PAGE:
----------------------------------------------------------------------------------------------------------------------------------DNA AT CRIME SCENEHow Can a Person's DNA Be Found at a Crime Scene? Written by Milton Kazmeyer https //education seattlepi.com/can-persons-dna-found-crime-scene-4514 htmlExcerpt: One of the most valuable tools in criminology is the ability to test evidence for DNA samples. A positive DNA match can place a suspect at the scene of a crime even when there are no witnesses, making the investigator's job much easier. Someone may leave DNA at a crime sceneiSkin cells and hair are other ways in which a criminal may leave DNA evidence at a crime scene. Dead skin cells and hair follicles naturally fall away from the body on a regular basis, and their presence at the crime scene may provide enough information for DNA analysis….Bodily Fluids…One of the most common sources of DNA at a crime scene is a bodily fluid. Blood, saliva, sweat, urine and semen can readily provide DNA information at crime scenes, as can just about any other substance secreted or excreted by the body. Depending on the nature of the crime, one or more of these fluids may be present, and investigators…Skin and Hair: Skin cells and hair are other ways in which a criminal may leave DNA evidence at a crime scene. Dead skin cells and hair follicles naturally fall away from the body on a regular basis, and their presence at the crime scene may provide enough information for DNA analysis. In addition, if a struggle occurred, a victim might have skin cells from a criminal trapped underneath his fingernails, or could pull out hair follicles or catch…Touch DNA: Touch DNA refers to the oils and epithelial cells left whenever a person touches any object. Any time your skin contacts another surface, it may leave trace amounts of your DNA behind. In the past, the relatively small number of residual cells made this type of sample unsuitable for DNA profiling, but technology has reduced the amount of material necessary to create a DNA profilehttps //education seattlepi.com/can-persons-dna-found-crime-scene-4514 html[Accessed from internet 2020/02/16]CADAVER SMELLING/FINDING DOGSAKC2021/10/16 Cadaver Dogs: How Canine Noses Help Find Dead Bodies. By Mara Bovsunhttps://www.akc.org/expert-advice/training/cadaver-dogs-how-canine-noses-help-find-dead-bodies/Excerpt: For centuries, humans have relied on the extraordinary power of the canine nose for patrolling, tracking fugitives and missing persons, or identifying bombs or illegal substances. Their ability to pick up odors is a true superpower. Dogs have about 200 to 300 million scent receptors in their noses, compared to about six million in humans. Scent regions of their brains are roughly 40 times larger than ours. Nevertheless, organized attempts to use this natural wonder in homicide investigations is relatively new, dating back only to around the 1970s, wrote Cat Warren in What the Dog Knows. It all started when Vietnam War-era Army researchers began musing how many jobs dogs could perform at home and in peacetime.https://www.akc.org/expert-advice/training/cadaver-dogs-how-canine-noses-help-find-dead-bodies/Medium dot com - Grovers Mill PodcastThe Truth About Cadaver Dogs: 5 Things You Didn’t Know.https //medium com/@groversmill/the-truth-about-cadaver-dogs-5-things-you-didnt-know-a53344a43ee7#:~:text=Accuracy%3A%20Did%20you%20know%20studies%20have%20found%20that,to%20determine%20the%20location%20of%20a%20cadaver.%202.[Accessed from Internet 2021/10/28]Excerpt:1. Accuracy: Did you know studies have found that not only are cadaver dogs 95% accurate at their craft; they can also smell remains up to 15-feet underground? These dogs can detect remains up to 30 meters underwater, and sometimes, need just a fraction of a bone or a drop of blood to determine the location of a cadaver.2. Stamina: These dogs can cover 1.3 square kilometers per day, on an average basis, working with a ferocity that will not rest until the cadaver is detected. With no attitude or personal laziness, dogs are determined to serve their masters and perform on duty. If that means finding a cadaver, they are going to find it. According to Earth & World, the longest detection by a rescue dog was 3.2 kilometers.3. Training: Cadaver dogs require roughly 1,000 hours of training before they are able to perform in the field. That’s more training than goes into many trade skills and other jobs that can be performed by humans today. These dogs are trained as thoroughly as possible, making them a highly valuable and lucrative investment for any agency or organization.4. Human vs. Animal: Amazingly, these dogs are able to detect the difference between human and animal remains in their tracked area. Using their strong sense of scent, they can work through the woods and ignore the decomposing squirrels and birds while honing in specifically on the scent of a deceased human.5. Residue Scents: Lastly, did you know that cadaver dogs can detect residue scents? That’s right — if a body or body part was initially placed somewhere and moved by the killer elsewhere, the dog can still identify the scent of death in the area, providing experts with more critical information in closing the case.https //medium com/@groversmill/the-truth-about-cadaver-dogs-5-things-you-didnt-know-a53344a43ee7#:~:text=Accuracy%3A%20Did%20you%20know%20studies%20have%20found%20that,to%20determine%20the%20location%20of%20a%20cadaver.%202.ARIZONANBC News(2018) Familial DNA puts elusive killers behind bars but only 12 staters use it. By James Rainey.https //www nbcnews com/news/us-news/familial-dna-puts-elusive-killers-behind-bars-only-12-states-n869711Excerpt: Familial DNA puts elusive killers behind bars. But only 12 states use it. Why isn’t it used more widely? Two years into the investigation of Allison Feldman’s murder in Scottsdale, Arizona, the police had run out of options. They had interviewed more than 500 people, cataloged dozens of pieces of evidence and canvassed every house within a half mile of Feldman’s low-slung ranch home, where the popular 31-year-old saleswoman had been sexually assaulted and beaten to death. DNA found in Feldman’s dining room and on a beer bottle had been detectives’ best lead. But, despite repeated queries, America’s vast crime databases had failed to match the DNA to a suspect. Stymied, Scottsdale police appealed to Arizona officials to widen the parameters of the DNA search in a way the state had never done before. The detectives wanted to probe for the next best thing to a direct DNA hit — a match to anyone closely related to the mystery intruder. About a year later, and more than three years after the grisly 2015 murder in a city known for very little violent crime, Scottsdale police and Arizona law enforcement leaders announced on April 10 that their unusual gambit had paid off. Using software that searches for “familial” DNA links, crime lab technicians found a near match with an Arizona prison inmate. Days later, Scottsdale police arrested the inmate’s brother, Ian L. Mitcham, and charged him with Feldman’s murder. “It was like ‘Wow! It actually worked.’ I couldn’t believe we had finally gotten to this point,” said Sgt. Hugh Lockerby, Scottsdale’s top violent crimes investigator. “It’s a real success story.”https //www nbcnews com/news/us-news/familial-dna-puts-elusive-killers-behind-bars-only-12-states-n869711COLORADOColorado Sun(2019/07/29) DNA testing leads to break in decades-old Colorado murder case. But privacy questions are being raised. Police used a DNA database and a fast food cup to zero in on a suspect in the 1987 death of 20-year-old Fort Carson soldier Darlene Krashoc. By Carol McKinleyhttps //coloradosun com/2019/07/29/colorado-cold-case-michael-whyte-darlene-krashoc/Excerpt: ichael Whyte drove out of a parking lot, his belly full of fast food lunch, oblivious that police detectives had been watching him eat. Now, they were gingerly collecting the cup they had seen him drink from just minutes earlier. The two were eager with anticipation because, after more than three decades of fruitless leads, they hoped that the answer to the mystery of who killed 20-year-old Darlene “Krash” Krashoc might be in the saliva that lined the rim of an abandoned fast food cup. The story of how Whyte surfaced after 32 years is one of hope and resilience on the part of a generation of investigators and a set of parents who still carry their daughter’s picture in their Bible.https //coloradosun com/2019/07/29/colorado-cold-case-michael-whyte-darlene-krashoc/NEW MEXICOCarlsbad, Katie’s LawOnly In Your State - New MexicoNew Mexico Cold Case Solvedhttps //www onlyinyourstate com/new-mexico/nm-cold-case-solved/Excerpt: This Creepy New Mexico Cold Case From 14 Years Ago Has Finally Been SolvedOn Christmas day, in 2002, Sasha Hedgecock was discovered in an alfalfa field in Carlsbad. The 21-year-old woman had been shot seven times. She died from her injuries several days later in Covenant Medical Hospital in Lubbock. It is only now, after 14 years, that an arrest has been made in this case. And that’s due to Katie’s Law. The law was created following the 2003 rape and murder of 22-year-old Katie Sepich in Las Cruces. The original version of Katie’s Law, which passed in 2006, mandated that anyone arrested for a violent felony had to provide authorities with a DNA sample. Such samples could then be run against evidence from other open cases. In 2011, the lawmakers unanimously voted to expand the law to require samples from anyone arrested for a felony crime. It has resulted in over 500 DNA matches, including the one in this case.https //www onlyinyourstate com/new-mexico/nm-cold-case-solved/APD New DNA EquipmentKRQE2020/02/03 New DNA equipment will help APD solve crimes faster. By Brittany Badehttps //www krqe com/news/albuquerque-metro/new-dna-equipment-will-help-apd-solve-crimes-faster/Excerpt: Getting a DNA match will soon take a fraction of the time, that it takes now. Albuquerque Police Department’s new state of the art DNA lab is just weeks away from being fully up and running. “Before it would take at least 2-3 weeks and I’m really hoping we can get down to a week,” said Andrew Dowling, the DNA Technical Leader…Bought with money from last year’s legislature, three new specialty machines are now housed at APD’s crime lab. One is meant specifically for rape cases. “It would take any of the victim’s cells, separate those off, and then we’re left with just the sperm cells,” said Dowling. The machine uses a centrifuge to separate all the DNA, and give analysts a “clean” sample in just 90 minutes. The backlogged rape kits should all be tested within the next few months, and when they are APD believe these machines will help them quickly start testing another backlog. “We have about 4,000 property crime cases we’re trying to get through,” said Commander Christopher George with the Albuquerque Police Department.The Qiagen Machine can test up to 84 samples at a time at the APD lab. Ultimately, this frees up time and money at the state lab which allows them to help other agencies across the state.https //www krqe com/news/albuquerque-metro/new-dna-equipment-will-help-apd-solve-crimes-faster/Updates: 2021/02/07 continued de-activating of links, some had started earlier; 2020/02/16Page started from notes/news created on the subject on this same day. More material has been added here.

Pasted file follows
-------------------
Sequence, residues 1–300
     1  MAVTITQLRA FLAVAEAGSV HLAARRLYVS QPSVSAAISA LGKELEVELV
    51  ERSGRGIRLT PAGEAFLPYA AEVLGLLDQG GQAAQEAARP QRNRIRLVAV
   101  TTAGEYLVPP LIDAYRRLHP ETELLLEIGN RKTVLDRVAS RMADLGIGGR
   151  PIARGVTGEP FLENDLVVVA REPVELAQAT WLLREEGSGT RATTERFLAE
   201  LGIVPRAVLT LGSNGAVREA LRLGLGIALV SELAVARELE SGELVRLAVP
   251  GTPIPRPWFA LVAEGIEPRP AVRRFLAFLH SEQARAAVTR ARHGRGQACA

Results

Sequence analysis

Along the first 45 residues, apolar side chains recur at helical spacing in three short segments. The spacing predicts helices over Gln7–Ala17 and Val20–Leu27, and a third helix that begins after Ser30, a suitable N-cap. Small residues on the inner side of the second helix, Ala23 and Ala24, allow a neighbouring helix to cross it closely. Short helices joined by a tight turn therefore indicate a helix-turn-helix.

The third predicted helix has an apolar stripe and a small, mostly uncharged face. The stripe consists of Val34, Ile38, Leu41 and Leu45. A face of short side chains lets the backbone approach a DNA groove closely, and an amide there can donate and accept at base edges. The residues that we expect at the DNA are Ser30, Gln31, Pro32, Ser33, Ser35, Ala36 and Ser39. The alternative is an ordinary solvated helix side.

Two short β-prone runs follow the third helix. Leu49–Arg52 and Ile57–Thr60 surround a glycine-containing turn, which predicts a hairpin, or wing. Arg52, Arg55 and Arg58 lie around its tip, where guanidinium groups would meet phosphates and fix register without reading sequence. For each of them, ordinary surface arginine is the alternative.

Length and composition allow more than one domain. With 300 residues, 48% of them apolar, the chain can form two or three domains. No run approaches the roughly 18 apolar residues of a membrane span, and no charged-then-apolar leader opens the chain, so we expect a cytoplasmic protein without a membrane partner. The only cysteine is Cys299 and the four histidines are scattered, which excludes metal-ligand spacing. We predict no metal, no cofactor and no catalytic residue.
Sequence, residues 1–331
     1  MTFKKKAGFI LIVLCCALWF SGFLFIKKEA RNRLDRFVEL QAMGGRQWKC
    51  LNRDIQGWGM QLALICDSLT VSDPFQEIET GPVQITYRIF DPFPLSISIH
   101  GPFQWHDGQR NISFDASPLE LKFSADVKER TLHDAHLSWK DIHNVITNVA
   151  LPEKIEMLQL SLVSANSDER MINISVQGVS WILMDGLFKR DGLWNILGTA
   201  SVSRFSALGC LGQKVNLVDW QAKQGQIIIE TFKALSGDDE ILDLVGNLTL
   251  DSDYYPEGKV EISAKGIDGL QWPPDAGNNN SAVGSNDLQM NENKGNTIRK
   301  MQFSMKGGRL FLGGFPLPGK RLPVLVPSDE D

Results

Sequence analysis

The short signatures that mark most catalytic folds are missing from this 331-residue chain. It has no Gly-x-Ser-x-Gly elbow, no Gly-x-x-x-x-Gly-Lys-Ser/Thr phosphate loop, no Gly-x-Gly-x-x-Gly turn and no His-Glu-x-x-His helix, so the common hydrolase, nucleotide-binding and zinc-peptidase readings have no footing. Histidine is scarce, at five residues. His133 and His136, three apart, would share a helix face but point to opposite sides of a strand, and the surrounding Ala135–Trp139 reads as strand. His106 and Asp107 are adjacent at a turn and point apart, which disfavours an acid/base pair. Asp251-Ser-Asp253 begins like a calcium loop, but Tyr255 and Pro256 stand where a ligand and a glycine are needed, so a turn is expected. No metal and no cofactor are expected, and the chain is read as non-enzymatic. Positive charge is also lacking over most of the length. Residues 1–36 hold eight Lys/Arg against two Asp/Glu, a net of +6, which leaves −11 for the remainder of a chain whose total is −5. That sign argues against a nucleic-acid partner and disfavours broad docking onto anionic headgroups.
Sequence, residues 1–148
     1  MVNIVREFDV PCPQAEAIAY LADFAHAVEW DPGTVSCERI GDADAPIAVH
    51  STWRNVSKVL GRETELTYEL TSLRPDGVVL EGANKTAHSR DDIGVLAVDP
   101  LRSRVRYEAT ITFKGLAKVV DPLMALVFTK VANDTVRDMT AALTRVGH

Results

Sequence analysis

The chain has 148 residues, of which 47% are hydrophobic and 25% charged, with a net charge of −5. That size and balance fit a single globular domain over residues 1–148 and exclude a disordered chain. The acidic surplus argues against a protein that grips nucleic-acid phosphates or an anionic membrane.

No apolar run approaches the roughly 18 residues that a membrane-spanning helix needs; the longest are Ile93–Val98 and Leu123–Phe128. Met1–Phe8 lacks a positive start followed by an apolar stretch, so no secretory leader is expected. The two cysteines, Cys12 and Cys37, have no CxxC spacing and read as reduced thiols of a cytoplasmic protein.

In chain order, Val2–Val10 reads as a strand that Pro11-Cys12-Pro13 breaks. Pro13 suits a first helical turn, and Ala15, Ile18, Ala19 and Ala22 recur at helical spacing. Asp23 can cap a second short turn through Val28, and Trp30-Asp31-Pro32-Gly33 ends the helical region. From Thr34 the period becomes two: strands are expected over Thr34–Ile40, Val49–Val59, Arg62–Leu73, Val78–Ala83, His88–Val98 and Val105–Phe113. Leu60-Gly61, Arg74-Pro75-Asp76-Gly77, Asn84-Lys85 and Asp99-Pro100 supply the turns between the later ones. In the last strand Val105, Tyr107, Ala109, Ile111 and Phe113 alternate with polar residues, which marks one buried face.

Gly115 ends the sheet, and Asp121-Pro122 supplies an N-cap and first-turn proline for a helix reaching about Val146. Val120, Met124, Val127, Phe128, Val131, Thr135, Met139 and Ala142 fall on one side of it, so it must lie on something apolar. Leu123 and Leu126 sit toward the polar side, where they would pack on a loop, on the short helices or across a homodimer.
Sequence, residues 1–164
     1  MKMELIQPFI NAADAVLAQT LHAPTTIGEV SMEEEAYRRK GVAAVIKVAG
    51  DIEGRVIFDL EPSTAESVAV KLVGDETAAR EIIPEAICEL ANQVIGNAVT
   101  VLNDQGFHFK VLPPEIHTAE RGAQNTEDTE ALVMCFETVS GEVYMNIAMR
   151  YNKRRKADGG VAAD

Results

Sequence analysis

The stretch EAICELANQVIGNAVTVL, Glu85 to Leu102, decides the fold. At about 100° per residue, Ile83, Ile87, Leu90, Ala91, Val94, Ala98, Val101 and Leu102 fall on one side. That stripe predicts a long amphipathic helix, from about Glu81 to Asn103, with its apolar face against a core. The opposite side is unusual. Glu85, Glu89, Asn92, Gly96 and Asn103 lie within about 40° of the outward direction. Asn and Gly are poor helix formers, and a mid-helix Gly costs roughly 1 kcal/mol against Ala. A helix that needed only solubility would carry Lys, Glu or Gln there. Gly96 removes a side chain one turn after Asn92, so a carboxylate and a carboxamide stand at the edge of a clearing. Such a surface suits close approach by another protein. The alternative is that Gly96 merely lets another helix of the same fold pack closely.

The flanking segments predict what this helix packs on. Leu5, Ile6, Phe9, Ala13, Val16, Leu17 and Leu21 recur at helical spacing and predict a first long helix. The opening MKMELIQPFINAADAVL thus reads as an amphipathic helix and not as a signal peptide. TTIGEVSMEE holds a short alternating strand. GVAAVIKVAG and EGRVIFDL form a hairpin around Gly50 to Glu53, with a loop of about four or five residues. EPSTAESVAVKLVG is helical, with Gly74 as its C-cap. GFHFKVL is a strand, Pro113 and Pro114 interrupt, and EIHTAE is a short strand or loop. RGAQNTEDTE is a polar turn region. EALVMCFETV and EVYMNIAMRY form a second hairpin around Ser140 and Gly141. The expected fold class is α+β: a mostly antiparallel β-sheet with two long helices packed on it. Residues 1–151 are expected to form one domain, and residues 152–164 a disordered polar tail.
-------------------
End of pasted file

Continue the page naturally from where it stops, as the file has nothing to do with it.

DNA Evidence (TECH-1)
•DNA Found Crime Scene•Cadaver Dogs •Arizona •Colorado •New Mexico